The 44-year-old owner of two Blimpie sandwich shops didn't expect to be running for the U.S. Senate this year.

"But as anyone in politics knows, success is about 95 percent luck - being in the right place at the right time. This was an opportunity to step up to bat without having held other political offices first, so I took the opportunity."Meet Democrat Brian Moss - a man who trails Republican Sen. Orrin Hatch by 44 points in the polls, yet by no means is doing a post-mortem on the election. Not yet.

"Things can happen in politics; you never know," is the theory of the 6-foot-2-inch, strapping entrepreneur, who speaks from experience.

In 1976, Brian's father, Frank E. Moss who had 18 years of Senate seniority was defeated. That defeat, of course, was at the hands of Hatch, a political beginner 22 years younger than the elder Moss.

But Brian Moss maintains his campaign is no grudge match. Moss says simply it's time for a change - time for Democrats to unseat the conservative who toppled his father's political career and ended public life for the Moss family.

For most of his adult life, Frank E. Moss was in public service -

irst as a Salt Lake judge and then Salt Lake County attorney, before moving into politics on a national scope.

"But that was always normal for me," said Brian Moss, who from a very young age was on the campaign trail, brochures in hand. "Other kids' fathers were dentists or policemen; my father happened to be a judge and county attorney.

"I always knew it was a little more special because I had to mind my p's and q's a little more than most kids did because my dad was in public life."

Brian Moss was a year old before he met his father, the former senator who's now avidly stumping for junior.

Brian's mother, who conceived while her husband was on leave from the service, didn't want to needlessly worry her husband, fighting for his country in London during World War II. He learned of her pregnancy when a telegram from the American Red Cross arrived announcing the July 15, 1944, birth of their son.

The father-son bond has nevertheless been strong.

Although as a teenager Brian Moss attended Eastern schools, it was while serving as a page in the U.S. Senate that he learned the invaluable lessons of life. Along with his dad, his admired instructors included Lyndon Johnson, John F. Kennedy and Everett Dirksen.

But Brian Moss' degree (in economics) came from the University of Utah in the summer of 1970 - just in time for him to become his father's alter-ego on the campaign trail.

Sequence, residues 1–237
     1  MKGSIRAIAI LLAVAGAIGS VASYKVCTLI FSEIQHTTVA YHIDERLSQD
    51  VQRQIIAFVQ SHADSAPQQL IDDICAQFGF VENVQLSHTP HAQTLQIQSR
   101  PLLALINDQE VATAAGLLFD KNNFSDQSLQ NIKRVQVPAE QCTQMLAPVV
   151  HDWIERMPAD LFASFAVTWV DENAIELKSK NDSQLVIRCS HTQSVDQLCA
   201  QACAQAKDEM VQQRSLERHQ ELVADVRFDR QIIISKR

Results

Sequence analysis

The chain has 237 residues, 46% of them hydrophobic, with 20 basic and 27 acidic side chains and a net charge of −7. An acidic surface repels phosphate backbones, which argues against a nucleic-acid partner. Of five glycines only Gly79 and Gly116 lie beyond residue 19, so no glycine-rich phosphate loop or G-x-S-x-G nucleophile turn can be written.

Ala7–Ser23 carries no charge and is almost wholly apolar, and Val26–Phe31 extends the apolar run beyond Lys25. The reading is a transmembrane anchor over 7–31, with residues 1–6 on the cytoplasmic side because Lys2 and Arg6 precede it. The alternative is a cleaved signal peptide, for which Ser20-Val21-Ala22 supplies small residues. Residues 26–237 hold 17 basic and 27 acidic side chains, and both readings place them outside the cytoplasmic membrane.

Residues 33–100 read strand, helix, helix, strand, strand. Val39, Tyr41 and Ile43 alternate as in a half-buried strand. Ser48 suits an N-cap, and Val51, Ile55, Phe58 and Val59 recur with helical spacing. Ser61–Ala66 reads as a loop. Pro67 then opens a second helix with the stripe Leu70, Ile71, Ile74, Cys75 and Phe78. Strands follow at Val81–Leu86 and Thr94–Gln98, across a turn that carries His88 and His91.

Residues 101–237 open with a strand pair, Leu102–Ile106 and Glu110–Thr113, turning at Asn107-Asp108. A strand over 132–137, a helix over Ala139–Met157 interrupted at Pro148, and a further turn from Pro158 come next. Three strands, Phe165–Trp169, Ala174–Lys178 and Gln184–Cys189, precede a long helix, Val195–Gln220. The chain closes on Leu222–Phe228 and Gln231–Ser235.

That trail led him to Carol Brennan, a graduate of Dumbarton Oaks College, who on their first date assisted in a telephone fund-raising campaign for the Utah senator in the Democratic National Party headquarters in the Watergate Hotel.

"We joke today that we may be on tape somewhere because those are the same Watergate offices bugged by the Nixon plumbers," the good-humored Moss said.

It was in Washington that Brian Moss accepted his first post-graduate position as director of Allied Youth Inc., a non-profit drug and alcohol prevention program. A pilot, Brian Moss flew his own plane around the country expounding the dangers of chemical use and abuse.

Then Carol, eager for a more routine life, "literally clipped my wings and she's got it on her finger to prove it." Revenue from sale of the plane went to purchase her wedding ring.

Two years after their 1972 wedding, Moss was on the road again - this time to pick up the pieces left by the Guatemala earthquake and the India floods.

His responsibility as special assistant to the director of the Office of Foreign Disaster Assistance, was to coordinate relief efforts between private voluntary agencies and the federal government.

"Unlike a lot of things where you do something and then a generation or two later there is some benefit, there were people starving, dying, freezing," Moss recalled. "What I did, and how efficient I was doing it, could literally mean life and death for people. Hopefully life."

Despite his ardent dedication to the cause, a green viper slithering toward Moss in the India floods convinced him that "they were not paying me enough for that job."

The jack-of-many-trades returned home, where he served as Utah director of the Four Corners Regional Commission, before becoming a restaurateur, travel agent and senatorial candidate - perhaps his toughest challenge of all.

"I kind of like to think I am friendly, get along well with people," he said. "But I am basically shy and have a little problem on the campaign trail trying to sound like I'm king of the mountain.

"I have some ingrained modesty; some say very well-deserved. It's hard for me to talk about myself as being great and wonderful, yet in politics that's what you have to do."

The candidate, whose campaign always has taken a back seat to piano recitals and football games of his four children, ages 7-13, says if defeated, "there will be life after the campaign for Brian Moss."

"I believe I have made some friends along the way, some people who are very supportive," he said. "Maybe there will be another opportunity, or maybe there won't be. Maybe I will go on to develop a sandwich chain that will span the country."